German Pinscher, breed info & VIDEO of one playing with a ball
This is the first German Pinscher I have looked after. Since I haven't seen many in the community I thought besides showing you her fun nature, that it would be good to review this breeds history.
While some German Pinschers can look like your traditional black Doberman, many are brown like the one in this article/ video. All I can say was that this particular one was very gentle, but as you will read, the breed is known for many more 'robust' duties.
The ancestors of the German Pinscher and standard schnauzer were the Rat Catcher, Great Ratter, or Rat Pinscher which became extinct in the 1800's. Texts suggest the German pinscher was first defined as a specific breed in 1879 in Germany. Around 1900 the pinscher club decided to only allow the smooth coated version to be bred.
The German pinscher is the seed dog for both the Doberman and the miniature pinscher and fits in-between these two in regards to height. The German pinscher like the giant schnauzer were both bred as general German farm dogs.
The pinschers main uses were similar for many terriers of the time: to kill vermin, her d stock, watch dog, guard dog and be a domestic dog. The last one is tricky when you consider the serious physical acts that the dog had to do in its day job.
While some suggest apartment living is ok for this dog, this is very misleading. Due to the endurance bred into this dog it requires a lot of vigorous walking and off lead socialisation to tame the chase instinct.
The German pinscher is now bred around the world as a companion dog, leaving the guard dog duties up to its larger and stronger Doberman cousin. That said it still has very strong jaws pressure and sharp teeth, so if not discipline sufficiently can cause problems in a home environment and around children if owner dominance is not asserted.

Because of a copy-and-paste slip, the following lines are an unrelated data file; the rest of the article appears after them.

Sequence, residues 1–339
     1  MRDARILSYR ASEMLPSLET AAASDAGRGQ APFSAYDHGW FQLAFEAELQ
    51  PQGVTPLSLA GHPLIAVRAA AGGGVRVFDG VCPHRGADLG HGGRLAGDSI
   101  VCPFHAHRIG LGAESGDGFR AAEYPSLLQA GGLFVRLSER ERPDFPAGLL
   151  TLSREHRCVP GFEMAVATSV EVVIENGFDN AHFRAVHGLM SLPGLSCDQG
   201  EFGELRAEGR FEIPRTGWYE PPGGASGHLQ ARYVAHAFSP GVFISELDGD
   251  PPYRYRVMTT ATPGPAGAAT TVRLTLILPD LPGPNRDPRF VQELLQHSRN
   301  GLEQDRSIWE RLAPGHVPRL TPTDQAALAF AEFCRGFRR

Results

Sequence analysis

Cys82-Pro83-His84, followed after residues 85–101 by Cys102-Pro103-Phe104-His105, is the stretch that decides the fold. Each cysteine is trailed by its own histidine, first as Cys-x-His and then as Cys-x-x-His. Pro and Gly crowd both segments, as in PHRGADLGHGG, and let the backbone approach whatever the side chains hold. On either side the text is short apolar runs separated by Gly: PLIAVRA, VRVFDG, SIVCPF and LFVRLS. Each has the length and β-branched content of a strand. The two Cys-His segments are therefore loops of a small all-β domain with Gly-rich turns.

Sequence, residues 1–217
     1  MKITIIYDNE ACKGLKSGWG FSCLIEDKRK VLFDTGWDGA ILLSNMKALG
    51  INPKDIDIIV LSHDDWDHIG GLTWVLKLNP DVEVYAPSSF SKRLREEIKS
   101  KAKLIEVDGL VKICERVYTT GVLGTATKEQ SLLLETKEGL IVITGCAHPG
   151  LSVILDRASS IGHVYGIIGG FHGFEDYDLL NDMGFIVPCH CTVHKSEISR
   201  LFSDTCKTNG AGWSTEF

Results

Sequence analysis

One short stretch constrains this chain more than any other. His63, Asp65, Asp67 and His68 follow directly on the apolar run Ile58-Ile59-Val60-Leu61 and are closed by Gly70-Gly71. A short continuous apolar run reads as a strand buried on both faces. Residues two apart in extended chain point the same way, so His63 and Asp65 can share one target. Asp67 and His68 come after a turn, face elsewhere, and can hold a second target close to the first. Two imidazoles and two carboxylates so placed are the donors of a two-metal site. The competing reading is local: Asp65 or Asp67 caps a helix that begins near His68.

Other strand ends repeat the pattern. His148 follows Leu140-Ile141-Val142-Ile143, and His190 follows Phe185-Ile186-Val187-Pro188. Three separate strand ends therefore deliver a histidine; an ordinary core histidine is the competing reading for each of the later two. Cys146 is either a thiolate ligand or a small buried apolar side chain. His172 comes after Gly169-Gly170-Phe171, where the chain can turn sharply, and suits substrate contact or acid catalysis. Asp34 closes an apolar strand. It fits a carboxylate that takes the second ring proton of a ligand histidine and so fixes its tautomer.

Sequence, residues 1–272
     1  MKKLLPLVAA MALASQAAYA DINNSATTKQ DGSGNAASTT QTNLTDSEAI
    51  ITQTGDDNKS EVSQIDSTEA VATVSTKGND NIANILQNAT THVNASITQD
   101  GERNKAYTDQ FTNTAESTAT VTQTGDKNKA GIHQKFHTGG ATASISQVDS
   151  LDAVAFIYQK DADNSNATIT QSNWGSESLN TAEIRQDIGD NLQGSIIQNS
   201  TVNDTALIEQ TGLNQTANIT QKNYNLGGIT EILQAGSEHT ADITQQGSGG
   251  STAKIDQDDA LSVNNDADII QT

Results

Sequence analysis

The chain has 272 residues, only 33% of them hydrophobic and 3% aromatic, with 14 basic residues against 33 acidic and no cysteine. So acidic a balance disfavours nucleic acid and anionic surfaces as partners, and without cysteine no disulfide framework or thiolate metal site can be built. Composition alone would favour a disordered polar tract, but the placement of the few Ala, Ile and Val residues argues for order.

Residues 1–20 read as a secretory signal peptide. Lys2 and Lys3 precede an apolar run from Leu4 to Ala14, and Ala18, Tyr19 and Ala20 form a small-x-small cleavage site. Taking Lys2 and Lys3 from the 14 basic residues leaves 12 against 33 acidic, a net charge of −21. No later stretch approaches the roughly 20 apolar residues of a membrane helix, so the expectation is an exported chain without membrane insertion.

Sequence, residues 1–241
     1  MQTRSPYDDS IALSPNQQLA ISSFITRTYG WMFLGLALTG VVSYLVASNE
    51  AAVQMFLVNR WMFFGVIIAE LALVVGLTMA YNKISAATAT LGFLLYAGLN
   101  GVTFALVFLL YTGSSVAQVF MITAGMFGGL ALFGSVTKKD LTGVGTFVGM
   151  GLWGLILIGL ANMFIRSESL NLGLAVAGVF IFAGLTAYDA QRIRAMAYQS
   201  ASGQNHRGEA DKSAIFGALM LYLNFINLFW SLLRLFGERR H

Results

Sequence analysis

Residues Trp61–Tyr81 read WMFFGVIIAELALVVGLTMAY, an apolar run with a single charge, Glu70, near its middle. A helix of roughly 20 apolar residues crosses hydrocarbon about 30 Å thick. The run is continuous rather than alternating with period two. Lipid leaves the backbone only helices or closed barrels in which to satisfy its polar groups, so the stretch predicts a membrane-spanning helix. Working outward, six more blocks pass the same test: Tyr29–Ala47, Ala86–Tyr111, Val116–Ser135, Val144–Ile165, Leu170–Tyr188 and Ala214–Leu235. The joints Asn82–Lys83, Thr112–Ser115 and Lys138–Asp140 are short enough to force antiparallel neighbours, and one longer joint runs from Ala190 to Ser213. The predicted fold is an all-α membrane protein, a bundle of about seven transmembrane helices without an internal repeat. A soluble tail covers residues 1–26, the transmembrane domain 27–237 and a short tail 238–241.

This is a brave and dominant dog and will not back down from challenges from other dogs. Once bonded with a family, it makes a formidable protector, but can bite to keep a threat at bay ... so continual training is strongly advised.
Cantona the German Pinscher
You will see in the video here the fun nature of this relatively young pinscher. The play that it is performing with its feet and mouth is aimed at honing its skills for catching vermin.
In fact if I had of read the history of this dog before I began playing with it I might have hesitated much more. That said, this particular dog was quite happy to be patted and even picked up. The breed is known for having a possessiveness trait (toys food etc) however again training can decrease this drive.
Curiously they are also known to be big barkers, and while this dog had ample opportunity to do so, rarely did it bark.
Like many dogs many issues can be resolved by daily walking, discipline and good nutrition.
Article by Bruce Dwyer. If you wish to use any of this information please use a LINK reference to http://www.dogwalkersmelbourne.com.au
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